For Egr-1 and Egr-2 kinetics qPCR analysis WT BMDCs (2 × 106) were cultured with CM and challenged with freshly egressed T. gondii tachyzoites (PTG) for 30 min or 1 h (MOI 5) or 2, 4, 8, or 12 h (MOI 3), the equivalent number of sonicated T. gondii tachyzoites or heat-inactivated T. gondii tachyzoites or LPS 10 ng/mL or left unchallenged. For Egr-1 kinetics qPCR analysis WT or MyD88−/− BMDCs (5 × 105) were cultured with CM or challenged with freshly egressed T. gondii tachyzoites (PTG) for 1 (MOI 5), 2, 4, or 8 h (MOI 3). For all other qPCR analysis BMDCs (5 × 105) were cultured with CM or indicated inhibitors and challenged with freshly egressed T. gondii tachyzoites for 1, 8 h (PRUku80 or PRUku80 Δgra24; MOI 3), with heat-inactivated tachyzoites (MOI 3 equivalents) or LPS 10 ng/mL or 24 h (RH-LDM, PRU-RFP, or PTG; MOI 1). Cells were lysed in TRIzol reagent (Thermo Fisher Scientific) or TRI Reagent (Sigma-Aldrich) and total RNA was extracted using column purification according to the manufacturers protocol (Direct-zol RNA kit, Zymo Research). Reverse transcription was conducted with Superscript III or IV or Maxima H Minus Reverse Transcriptase (Thermo Fisher). Real time qPCR was performed in duplicate for each target using sing SYBR® green PCR master mix (KAPA biosystems), specific forward and reverse primers at target-dependent concentrations (100 or 200 nM) and cDNA (10–25 ng) in a Rotor-Gene 6000 (Corbett) or a QuantStudio 5 System (Thermo Fisher) with ROX as a passive reference. qPCR results were analyzed using the ΔΔCq method and displayed as fold change relative to non-challenged or as ΔCq and relative to Glyceraldehyde 3-phosphate dehydrogenase and β-actin (mouse) or Importin-8 and TATA-binding protein (human) as housekeeping genes. Primers have been described previously or were designed manually or with Primer3 (Olafsson et al., 2018). Sequences are provided in Table S1.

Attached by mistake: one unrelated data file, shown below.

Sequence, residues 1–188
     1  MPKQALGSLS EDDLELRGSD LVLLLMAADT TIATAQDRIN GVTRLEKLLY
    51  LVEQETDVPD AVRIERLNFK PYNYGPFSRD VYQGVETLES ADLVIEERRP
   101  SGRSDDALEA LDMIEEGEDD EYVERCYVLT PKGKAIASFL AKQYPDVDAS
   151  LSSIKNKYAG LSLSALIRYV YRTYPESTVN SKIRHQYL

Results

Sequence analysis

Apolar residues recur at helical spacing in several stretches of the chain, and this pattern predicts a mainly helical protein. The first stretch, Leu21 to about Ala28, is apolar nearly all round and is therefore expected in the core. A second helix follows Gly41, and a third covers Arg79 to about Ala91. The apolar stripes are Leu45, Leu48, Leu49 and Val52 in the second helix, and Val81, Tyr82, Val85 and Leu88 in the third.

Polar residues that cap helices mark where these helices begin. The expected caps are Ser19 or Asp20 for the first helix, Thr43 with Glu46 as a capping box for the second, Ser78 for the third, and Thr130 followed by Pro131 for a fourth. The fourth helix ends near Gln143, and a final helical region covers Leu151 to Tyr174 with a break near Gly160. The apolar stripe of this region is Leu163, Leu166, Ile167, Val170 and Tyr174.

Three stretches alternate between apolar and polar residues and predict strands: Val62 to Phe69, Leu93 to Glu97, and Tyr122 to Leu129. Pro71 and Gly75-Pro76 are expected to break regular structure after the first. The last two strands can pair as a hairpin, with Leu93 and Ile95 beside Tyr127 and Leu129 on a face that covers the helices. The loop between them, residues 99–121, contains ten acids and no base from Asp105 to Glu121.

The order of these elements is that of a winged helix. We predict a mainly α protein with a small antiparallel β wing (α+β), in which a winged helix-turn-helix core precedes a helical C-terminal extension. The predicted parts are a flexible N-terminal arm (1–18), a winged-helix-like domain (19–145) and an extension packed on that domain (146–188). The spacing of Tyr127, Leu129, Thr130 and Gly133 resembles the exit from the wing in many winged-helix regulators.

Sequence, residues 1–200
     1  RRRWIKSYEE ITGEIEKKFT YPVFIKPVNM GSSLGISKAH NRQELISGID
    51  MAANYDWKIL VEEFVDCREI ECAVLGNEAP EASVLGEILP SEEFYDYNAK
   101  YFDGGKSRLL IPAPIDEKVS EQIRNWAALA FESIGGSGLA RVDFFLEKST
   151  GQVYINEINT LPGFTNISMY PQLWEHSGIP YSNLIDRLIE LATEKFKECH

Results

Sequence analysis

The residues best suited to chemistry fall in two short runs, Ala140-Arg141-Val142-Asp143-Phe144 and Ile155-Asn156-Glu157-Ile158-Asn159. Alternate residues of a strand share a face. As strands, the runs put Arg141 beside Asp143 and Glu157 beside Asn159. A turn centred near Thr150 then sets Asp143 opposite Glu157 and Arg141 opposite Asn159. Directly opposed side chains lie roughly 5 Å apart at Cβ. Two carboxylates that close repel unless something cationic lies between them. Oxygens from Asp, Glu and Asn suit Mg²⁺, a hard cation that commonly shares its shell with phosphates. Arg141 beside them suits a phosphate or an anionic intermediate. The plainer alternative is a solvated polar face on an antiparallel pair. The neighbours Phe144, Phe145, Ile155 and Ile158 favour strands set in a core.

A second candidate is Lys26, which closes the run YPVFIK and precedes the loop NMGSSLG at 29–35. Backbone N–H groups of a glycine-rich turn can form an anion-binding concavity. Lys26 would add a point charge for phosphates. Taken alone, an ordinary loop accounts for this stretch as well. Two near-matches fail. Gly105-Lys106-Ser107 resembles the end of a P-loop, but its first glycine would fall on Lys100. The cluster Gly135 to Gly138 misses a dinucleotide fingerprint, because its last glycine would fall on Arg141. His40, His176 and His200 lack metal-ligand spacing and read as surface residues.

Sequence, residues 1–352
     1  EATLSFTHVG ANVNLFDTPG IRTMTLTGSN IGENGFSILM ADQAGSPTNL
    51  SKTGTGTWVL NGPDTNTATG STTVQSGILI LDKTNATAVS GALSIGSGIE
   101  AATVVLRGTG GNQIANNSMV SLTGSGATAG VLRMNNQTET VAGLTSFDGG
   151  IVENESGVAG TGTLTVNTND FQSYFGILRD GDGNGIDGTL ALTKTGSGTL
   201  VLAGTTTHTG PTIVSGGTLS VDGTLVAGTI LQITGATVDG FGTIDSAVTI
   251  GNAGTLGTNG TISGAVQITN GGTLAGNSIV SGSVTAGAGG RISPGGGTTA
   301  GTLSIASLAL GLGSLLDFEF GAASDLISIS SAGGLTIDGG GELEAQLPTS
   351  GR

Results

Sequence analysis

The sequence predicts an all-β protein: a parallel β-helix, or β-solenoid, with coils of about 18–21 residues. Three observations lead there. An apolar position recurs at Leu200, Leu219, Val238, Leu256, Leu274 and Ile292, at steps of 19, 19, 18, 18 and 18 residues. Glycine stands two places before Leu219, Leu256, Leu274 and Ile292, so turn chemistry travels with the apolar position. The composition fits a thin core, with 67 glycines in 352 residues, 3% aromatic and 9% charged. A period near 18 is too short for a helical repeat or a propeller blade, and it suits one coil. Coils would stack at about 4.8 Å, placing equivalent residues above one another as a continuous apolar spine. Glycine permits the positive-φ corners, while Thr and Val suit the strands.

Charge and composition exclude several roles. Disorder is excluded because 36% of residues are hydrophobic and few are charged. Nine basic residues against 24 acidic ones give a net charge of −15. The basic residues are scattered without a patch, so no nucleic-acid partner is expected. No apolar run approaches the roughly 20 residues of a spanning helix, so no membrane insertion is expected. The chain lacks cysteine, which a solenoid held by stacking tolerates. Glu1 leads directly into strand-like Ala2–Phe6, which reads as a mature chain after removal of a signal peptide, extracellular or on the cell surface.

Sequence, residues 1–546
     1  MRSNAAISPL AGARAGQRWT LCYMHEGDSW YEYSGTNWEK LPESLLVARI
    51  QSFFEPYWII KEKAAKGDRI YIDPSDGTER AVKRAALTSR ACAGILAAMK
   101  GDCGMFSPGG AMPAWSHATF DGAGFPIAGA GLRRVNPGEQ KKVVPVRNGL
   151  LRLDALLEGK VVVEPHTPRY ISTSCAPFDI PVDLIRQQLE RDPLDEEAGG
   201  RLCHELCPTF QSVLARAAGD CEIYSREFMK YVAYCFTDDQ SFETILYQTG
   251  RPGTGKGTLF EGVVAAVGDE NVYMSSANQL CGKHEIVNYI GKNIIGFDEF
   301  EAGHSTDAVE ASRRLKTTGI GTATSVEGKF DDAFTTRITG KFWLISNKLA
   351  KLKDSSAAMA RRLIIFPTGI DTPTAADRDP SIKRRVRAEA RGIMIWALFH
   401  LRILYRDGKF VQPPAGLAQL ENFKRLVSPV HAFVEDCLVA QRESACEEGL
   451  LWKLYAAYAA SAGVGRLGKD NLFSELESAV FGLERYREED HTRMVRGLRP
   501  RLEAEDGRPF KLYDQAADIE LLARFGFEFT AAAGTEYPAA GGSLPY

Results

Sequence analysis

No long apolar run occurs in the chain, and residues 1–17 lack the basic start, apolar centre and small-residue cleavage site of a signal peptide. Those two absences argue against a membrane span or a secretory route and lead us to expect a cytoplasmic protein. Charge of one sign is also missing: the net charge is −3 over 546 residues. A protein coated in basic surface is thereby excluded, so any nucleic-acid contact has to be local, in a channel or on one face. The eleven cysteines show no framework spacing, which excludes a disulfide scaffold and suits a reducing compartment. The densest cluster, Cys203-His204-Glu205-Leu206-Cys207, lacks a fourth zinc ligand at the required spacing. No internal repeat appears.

Western Blotting